Two dangers the early church faced were persecution and theological controversy. But persecution fostered unity and gave unexpected impetus to evangelism. (See Acts chapters 3-5 and 8:1-4.) So Satan decided to stir up disagreements.
What controversy between Jewish and Gentile Christians at Antioch necessitated a general council at Jerusalem? Acts 15:1-6.
Many Hebrew Christians, afraid that the Gentile converts would undermine the distinctive, divinely established features of their faith, sought to bring all believers under the ceremonial law, including circumcision. But Paul, Barnabas, and some of their associates taught that the ceremonial law had been abrogated at Calvary.
How did the apostles deal with the concern the legalistic party among the Jewish Christians felt regarding the increasing number of Gentile believers? What was the outcome of the apostles' efforts? Acts 15:3, 4, 7-31.
The council engaged in theological discussion and received reports on the progress of the gospel among the Gentiles. The delegates settled the debate largely by considering how overwhelmingly the Spirit was revealing the power of salvation worldwide.
"The . . . main question at issue seemed to present before the council insurmountable difficulties. But the Holy Spirit had, in reality, already settled this question, upon the decision of which seemed to depend the prosperity, if not the very existence, of the Christian church.'--The Acts of the Apostles, p. 192.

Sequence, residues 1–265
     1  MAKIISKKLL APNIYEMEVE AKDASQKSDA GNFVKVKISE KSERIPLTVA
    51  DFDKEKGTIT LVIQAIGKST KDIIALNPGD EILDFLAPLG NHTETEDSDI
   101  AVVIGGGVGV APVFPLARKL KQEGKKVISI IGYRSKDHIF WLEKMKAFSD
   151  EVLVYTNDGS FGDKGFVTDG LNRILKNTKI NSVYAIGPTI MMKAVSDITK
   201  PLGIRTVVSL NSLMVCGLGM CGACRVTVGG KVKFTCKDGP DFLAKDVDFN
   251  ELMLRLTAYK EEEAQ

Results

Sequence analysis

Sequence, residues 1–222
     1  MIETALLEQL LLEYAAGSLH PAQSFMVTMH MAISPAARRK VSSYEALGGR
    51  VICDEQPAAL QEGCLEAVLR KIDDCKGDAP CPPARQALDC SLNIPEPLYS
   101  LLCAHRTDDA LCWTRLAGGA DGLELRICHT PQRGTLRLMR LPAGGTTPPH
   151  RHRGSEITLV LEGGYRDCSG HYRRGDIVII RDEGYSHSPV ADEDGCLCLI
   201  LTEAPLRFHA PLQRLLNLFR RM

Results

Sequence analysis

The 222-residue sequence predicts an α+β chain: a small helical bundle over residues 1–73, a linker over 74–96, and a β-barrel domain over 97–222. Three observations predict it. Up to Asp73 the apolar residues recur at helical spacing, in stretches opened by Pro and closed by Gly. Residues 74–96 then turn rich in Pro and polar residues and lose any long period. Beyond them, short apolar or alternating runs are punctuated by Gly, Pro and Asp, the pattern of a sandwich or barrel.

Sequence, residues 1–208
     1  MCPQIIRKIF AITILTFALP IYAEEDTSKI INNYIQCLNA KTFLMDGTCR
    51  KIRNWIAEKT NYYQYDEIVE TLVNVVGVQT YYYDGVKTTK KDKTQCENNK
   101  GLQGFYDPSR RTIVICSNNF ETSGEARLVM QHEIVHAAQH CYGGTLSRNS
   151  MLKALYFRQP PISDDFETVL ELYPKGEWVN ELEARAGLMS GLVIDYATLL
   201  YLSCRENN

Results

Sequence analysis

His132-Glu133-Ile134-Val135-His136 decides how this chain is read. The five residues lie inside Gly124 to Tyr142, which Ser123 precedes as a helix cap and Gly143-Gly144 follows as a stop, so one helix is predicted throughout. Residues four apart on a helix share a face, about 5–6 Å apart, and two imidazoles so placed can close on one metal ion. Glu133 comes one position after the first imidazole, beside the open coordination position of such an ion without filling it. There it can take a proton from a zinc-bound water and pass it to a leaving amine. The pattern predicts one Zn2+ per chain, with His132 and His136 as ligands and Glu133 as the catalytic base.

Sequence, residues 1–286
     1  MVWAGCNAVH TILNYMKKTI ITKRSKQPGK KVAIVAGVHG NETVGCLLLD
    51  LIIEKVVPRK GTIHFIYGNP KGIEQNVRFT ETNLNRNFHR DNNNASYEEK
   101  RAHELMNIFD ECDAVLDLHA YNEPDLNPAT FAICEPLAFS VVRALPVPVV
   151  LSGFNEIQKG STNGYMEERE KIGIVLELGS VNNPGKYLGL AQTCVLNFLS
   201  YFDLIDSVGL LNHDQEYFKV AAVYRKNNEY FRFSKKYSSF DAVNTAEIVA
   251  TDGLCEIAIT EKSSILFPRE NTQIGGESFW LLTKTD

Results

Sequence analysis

The council's Spirit-directed decision made it possible for the church to assimilate Gentile converts.
"The principle at stake was quite simple and completely fundamental. Was the gift of God for the select few or for all the world? If we possess it ourselves are we to look on it as a privilege or as a responsibility? The problem may not meet us nowadays in precisely the way; but there still exist divisions between class and class, between nation and nation, between colour and colour. We fully realize the true meaning of Christianity only when all middle walls of partition are broken down."--William Barclay, The Acts of the Apostles, rev. ed. (Philadelphia: Westminster Press, 1955), p. 113.